Howdy, Stranger!

It looks like you're new here. If you want to get involved, click one of these buttons!





What Would It Take for YOU to buy a diesel car?

1225226228230231441

Comments

  • habitat1habitat1 Posts: 4,282
    edited October 2012
    O.K. Sounds like I'd be prudent to limit my DIY attempts to other things that don't risk removing the Black Sapphire paint from my wife's X5. She might remove a couple of my body parts in revenge.
  • gagricegagrice San DiegoPosts: 28,886
    Is the X5 filler on the outside with the fuel filler. One of the Adblue vehicles has the filler in the same spot. Best to use a good funnel and be ready to wash any drops that may hit the paint. Safe for humans not most metals.
  • ruking1ruking1 Posts: 14,752
    edited October 2012
    Oh no, I did not intend that to be a response, especially from a DIYer. (like yourself)

    I do understand that the plastic dispensing product is standard in the BLUE DEF product space.

    Before and after watching the techs doing the job, I already knew how and was bound and determined to be ABLE to do it myself. One caution I did pick up was that if you reused the smaller sized dispensing (1/2 gal) bottle with the bottoms cut out to was to use a rag over the cut off end to avoid air burping causing product backsplash.

    Really the hardest thing about the procedure once you have the proper equipment is to pull the stuff out of your trunk, i.e., unbolt your spare tire and pull out. You can even use a long neck funnel, but the reused bottle dispensing system is GREAT if you are getting near filled as it stops the excess from splashing as a funnel will NOT, all over the floor of your trunk.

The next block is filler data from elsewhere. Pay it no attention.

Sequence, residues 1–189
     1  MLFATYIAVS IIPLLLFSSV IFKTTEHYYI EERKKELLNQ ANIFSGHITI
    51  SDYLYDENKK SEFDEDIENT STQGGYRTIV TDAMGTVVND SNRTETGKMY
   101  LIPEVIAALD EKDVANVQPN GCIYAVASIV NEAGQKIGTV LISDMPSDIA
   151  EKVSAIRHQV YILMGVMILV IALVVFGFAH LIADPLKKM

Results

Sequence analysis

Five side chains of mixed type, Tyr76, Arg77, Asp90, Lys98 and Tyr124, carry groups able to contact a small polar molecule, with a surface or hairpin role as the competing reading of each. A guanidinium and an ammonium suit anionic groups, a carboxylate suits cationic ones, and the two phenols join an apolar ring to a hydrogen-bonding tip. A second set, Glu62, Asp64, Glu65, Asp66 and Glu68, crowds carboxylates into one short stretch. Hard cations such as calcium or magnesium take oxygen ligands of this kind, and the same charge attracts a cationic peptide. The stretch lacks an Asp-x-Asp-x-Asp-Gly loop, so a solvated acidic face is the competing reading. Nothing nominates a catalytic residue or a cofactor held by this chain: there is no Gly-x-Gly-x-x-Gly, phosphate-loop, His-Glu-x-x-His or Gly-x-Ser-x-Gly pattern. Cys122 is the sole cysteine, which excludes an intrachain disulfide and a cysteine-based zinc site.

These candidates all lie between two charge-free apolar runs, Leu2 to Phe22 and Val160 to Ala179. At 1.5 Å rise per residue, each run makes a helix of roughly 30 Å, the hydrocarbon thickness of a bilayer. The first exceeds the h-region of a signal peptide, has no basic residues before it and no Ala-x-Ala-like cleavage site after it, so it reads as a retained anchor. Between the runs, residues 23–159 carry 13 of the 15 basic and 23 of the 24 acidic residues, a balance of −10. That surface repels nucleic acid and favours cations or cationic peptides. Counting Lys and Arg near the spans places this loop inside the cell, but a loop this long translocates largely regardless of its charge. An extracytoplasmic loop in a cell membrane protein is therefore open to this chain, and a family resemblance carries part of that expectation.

Peak 2.5 gal Blue DEF and hose adapter

    Here is a sample of what the dispenser looks like:

    AdBlue DEF Diesel Exhaust Fluid 1.89 liter 4 - 1/2 Gallon bottles 4 Bottles

    Dispenser bottle AdBlue/DEF diesel exhaust fluid
  • ruking1ruking1 Posts: 14,752
    edited October 2012
    Evidently, (in hind sight) the 2012 VW Passat TDI seems to be hit. Out of 2,276 units LEFT in the inventory, there are only 91 diesels !!!
  • michaellnomichaellno Posts: 4,300
    Evidently, (in hind sight) the 2012 VW Passat TDI seems to be hit. Out of 2,276 units LEFT in the inventory, there are only 91 diesels !!!

    Which is about 4%.

    Do you know how many Passat TDI's were sold in MY 2012, versus the total number of Passats?
  • ruking1ruking1 Posts: 14,752
    edited October 2012
    They do not typically come out with a (2012) MY sales figures till Jan or Feb (2013) . However YTD is 83,662 Passat units Sep. 2012.

    Last year (2011) between 22-23% of the VW fleet (app 324,500 units) were diesels. So that is app 74.6 k diesel units.

    link title

    On the 2012 VW Touareg, the best swag I have are 7,773 total units (7112 sold/661 unsold) manufactured. 2011 Touareg sales were 7535 units. (for app 3.2% more)
  • steverstever YooperlandPosts: 40,129
    Unleaded gas is dropping fast around here, unlike diesel.

    Today I got RUG for $3.52. Same station was selling diesel for $4.09 and I saw other stations selling it for $4.29 and $4.39.

    Paying 57 cents a gallon more sounds a lot worse than the 16% percentage differential.

    Moderator
    Need help navigating? stever@edmunds.com - or send a private message by clicking on my name.

  • ruking1ruking1 Posts: 14,752
    edited October 2012
    Corner store prices

    ULSD $4.35

    RUG $4.33

    PUG $4.53